2001-2006 Escapes do not have CV joints. They have CV axles, a ball joint, and an outer tie rod joint.
Replacing the ball joint is the most difficult of the 3. You might as well do all 3 if you have a bad ball joint, unless you have recently done the others. You have to basically remove the brake caliper and rotor, if you have ABS detach the sensor, push out the CV axle from the hub, disconnect the upper sway bar linkage from the strut, disconnect the 2 bolts attaching the hub to the strut tower, remove the tie rod joint kotter pin and bolt, and then pop the tie rod joint out.
Now, the hub should be connected solely to the ball joint. It's tough getting the hub off. When the hub is off, you should now just be looking at the old ball joint in the control arm. You can use a ball-peen hammer to smack the old ball joint out, or use a ball joint press if you have one. You will definitely need to use a press to get the replacement ball joint pressed back in.
Getting everything back together can be a bit tricky; it is better to get the hub back on the new ball joint, re-connect the CV axle into the hub, and then get the hub assembly back into the strut tower connection. You will have to use significant force to lower the control arm to get the bolt holes in the hub and strut connection to line up (i.e. 1 person standing on it, the other getting the bolts in). After you attach the hub to the strut tower, you will then be able to use a jack to raise the control arm (and hub/strut tower) enough to get the upper sway bar linkage back in.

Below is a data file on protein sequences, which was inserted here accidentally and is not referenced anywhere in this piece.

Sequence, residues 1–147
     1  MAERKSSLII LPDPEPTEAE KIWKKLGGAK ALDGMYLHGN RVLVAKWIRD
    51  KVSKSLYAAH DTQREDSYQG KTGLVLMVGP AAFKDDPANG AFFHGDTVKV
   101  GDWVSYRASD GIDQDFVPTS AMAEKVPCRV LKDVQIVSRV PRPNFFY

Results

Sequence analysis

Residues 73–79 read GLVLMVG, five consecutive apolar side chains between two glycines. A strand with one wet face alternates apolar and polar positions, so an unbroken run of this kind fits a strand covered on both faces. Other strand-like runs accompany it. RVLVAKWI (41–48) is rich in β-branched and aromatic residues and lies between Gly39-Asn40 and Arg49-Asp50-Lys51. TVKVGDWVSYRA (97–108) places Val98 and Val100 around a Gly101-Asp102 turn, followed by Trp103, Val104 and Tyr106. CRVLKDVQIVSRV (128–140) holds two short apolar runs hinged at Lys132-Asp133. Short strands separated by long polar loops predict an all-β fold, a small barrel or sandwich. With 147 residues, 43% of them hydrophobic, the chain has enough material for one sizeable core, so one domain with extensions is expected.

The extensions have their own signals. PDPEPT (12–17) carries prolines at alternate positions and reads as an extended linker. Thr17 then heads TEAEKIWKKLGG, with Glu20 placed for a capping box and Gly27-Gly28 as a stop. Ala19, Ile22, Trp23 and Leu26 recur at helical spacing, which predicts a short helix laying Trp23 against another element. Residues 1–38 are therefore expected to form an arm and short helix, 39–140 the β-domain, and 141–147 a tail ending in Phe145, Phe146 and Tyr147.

Then reconnect the tie-rod joint, throw the rotor back on, and hook up the brake caliper again (and ABS sensor if you have).
I just this today and managed to get it done in about 3 hours. I'm not a mechanic, but I'm pretty good and this was a pain and was pretty messy. I also highly recommend the MOOG replacement parts for the sway bar linkage, ball joint, and outer tie-rod. They are engineered far better than the original Ford parts and are inexpensive.
You need to replace the ball joint when you hear creaking and grinding when you are slowing down to an almost complete stop, as if the wheel were about to grind or snap off. Also note that if you replace the outer tie-rod joint, and lose track of where it was set, you will need to get an alignment.